Long-term Information Technology (IT) relationships have always been fraught with challenges. Today, long term relationships patterned after those of the past don’t have a prayer for success. Why? Because the static nature of the agreements dooms them to failure.
Look at the IT market. It is constantly changing as new technologies are introduced, new opportunities are revealed, new business practices push the envelope of excellence higher and stronger and faster.
The long term contracts of yesterday take none of that into consideration. They are predicated on a set of business assumptions that immediately begin to change. Then the deal that works becomes something other than the deal that was negotiated. When two parties find themselves in that situation, one of them usually will end up a loser, and a relationship with a winner and a loser is not sustainable in the long run.
Even the provisions for change within the old relationships are not adequate. Outsourcing traditionally has been a step change. You identify a service level and determine the cost of delivering that service. That standing cost mean is then held constant for a period of time.
That won’t work in today’s marketplace. We operate in a very competitive environment. In order to prosper, companies need to have continuous mprovement built into their IT outsourcing relationships. As the industry moves ahead, you need to be moving with them, not holding constant to service levels that are no longer adequate.
The final reason that old style relationships don’t work is this: people have not spent the time and money to establish methodologies to measure financial and service levels objectively. Everything is assessed subjectively, which means that make-or-break business decisions are being made on an inconsistent basis.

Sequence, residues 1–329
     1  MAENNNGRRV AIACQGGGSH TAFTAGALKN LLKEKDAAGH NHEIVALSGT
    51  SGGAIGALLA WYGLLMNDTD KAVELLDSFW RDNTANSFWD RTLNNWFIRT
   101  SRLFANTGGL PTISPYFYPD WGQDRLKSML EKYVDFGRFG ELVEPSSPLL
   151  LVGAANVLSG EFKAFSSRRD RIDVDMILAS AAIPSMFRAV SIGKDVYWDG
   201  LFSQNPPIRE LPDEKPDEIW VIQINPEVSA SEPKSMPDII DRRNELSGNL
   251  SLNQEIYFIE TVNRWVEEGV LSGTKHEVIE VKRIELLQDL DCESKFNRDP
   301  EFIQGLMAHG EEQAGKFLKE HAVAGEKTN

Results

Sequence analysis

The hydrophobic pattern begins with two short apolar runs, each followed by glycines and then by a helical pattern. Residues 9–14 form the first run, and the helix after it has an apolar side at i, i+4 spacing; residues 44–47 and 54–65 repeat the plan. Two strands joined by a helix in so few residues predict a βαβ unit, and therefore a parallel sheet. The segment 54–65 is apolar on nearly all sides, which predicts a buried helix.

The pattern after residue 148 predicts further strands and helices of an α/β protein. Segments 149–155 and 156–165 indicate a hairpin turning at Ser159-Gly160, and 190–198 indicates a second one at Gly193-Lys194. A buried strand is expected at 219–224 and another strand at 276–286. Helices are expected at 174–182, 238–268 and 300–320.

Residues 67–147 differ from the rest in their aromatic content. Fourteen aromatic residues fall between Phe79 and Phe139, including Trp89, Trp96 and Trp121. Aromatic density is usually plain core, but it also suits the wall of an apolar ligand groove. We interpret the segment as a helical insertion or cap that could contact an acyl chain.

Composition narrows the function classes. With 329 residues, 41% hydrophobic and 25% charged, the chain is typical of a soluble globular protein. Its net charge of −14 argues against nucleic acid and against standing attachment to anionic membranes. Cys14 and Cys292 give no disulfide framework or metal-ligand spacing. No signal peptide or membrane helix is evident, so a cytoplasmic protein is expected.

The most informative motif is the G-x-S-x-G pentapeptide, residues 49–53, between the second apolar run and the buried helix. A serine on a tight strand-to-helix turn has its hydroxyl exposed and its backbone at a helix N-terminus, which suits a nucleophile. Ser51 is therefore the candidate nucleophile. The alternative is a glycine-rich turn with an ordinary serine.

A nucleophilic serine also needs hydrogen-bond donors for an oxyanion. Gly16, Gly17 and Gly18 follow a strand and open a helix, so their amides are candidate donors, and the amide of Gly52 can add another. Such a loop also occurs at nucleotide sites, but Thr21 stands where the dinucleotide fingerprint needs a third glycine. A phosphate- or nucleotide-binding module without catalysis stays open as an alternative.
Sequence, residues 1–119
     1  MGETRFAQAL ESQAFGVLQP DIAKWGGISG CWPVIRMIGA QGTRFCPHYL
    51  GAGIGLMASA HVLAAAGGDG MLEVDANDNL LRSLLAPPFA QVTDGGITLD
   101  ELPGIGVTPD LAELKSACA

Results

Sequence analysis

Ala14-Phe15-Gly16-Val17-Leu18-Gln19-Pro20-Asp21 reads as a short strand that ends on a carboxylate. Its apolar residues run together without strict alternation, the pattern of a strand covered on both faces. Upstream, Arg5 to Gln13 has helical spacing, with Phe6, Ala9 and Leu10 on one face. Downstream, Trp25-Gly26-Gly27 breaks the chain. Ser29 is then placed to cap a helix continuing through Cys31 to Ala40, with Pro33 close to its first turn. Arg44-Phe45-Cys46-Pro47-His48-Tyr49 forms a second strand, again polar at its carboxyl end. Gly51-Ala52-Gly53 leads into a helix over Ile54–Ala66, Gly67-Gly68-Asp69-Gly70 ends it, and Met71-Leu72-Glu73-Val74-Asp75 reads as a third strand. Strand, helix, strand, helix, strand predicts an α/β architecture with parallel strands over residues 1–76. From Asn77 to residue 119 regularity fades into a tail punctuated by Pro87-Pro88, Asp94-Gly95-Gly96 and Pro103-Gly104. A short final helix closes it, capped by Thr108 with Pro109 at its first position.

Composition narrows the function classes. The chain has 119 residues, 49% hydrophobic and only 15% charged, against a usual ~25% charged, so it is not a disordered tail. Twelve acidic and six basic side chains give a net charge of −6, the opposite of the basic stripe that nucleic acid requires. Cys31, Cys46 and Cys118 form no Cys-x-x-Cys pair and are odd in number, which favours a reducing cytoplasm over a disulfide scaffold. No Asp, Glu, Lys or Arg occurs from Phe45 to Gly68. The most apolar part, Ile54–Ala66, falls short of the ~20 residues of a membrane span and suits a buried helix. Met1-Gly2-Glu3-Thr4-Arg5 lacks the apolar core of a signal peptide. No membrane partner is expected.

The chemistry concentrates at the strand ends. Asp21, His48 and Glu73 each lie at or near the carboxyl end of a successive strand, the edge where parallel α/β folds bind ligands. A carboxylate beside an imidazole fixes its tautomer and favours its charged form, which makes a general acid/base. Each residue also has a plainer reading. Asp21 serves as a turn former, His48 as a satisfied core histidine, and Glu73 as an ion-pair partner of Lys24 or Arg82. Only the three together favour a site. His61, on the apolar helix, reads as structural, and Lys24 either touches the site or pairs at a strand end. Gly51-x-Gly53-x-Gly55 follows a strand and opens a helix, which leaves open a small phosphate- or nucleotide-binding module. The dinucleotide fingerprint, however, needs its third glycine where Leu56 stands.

Even worse, some contracts have only penalties with no rewards. That can lead to what I call the five o’clock whipping phenomenon: It’s five o’clock, bend over and take your whipping. Regardless of what you’ve done, you’re still going to take your whipping, because it’s Friday and it’s five o’clock.
The key to success today is moving away from those old dysfunctional relationships and structuring agreements that allow the relationships to ebb and flow to meet the customers’ needs and move with the industry as it becomes increasingly more sophisticated.
The relationships themselves should last longer than they do now, with the actual contracts shorter range to accommodate the constantly shifting industry. The relationships also should be based on a win-win approach.
To accomplish that, hold out investment as a separate issue from performance criteria. As the suppliers generate value, share that value with them. Remember that value depreciates, and the owner is always the customer. Over a year — or, at most, two years — the value of that specific work should belong entirely to the customer. The vendors must then offer a new source of value to continue to share in the winnings. With this approach, continuous improvement is built into the structure of the relationship.
Remember that the measurements must be objective. Use one of the frameworks and methodologies available in the industry to establish real financial, business-oriented and diagnostic measurements of performance.
Long term outsourcing relationships can be beneficial to both customers and vendors in growing their businesses. The vendor becomes an integral part of the customer’s business, lending technical expertise, offering insights into new opportunities, providing support when and where it is needed. The customer views the vendor as a partner deserving of reward for the value generated. That mutually advantageous relationship creates the environment for long range success.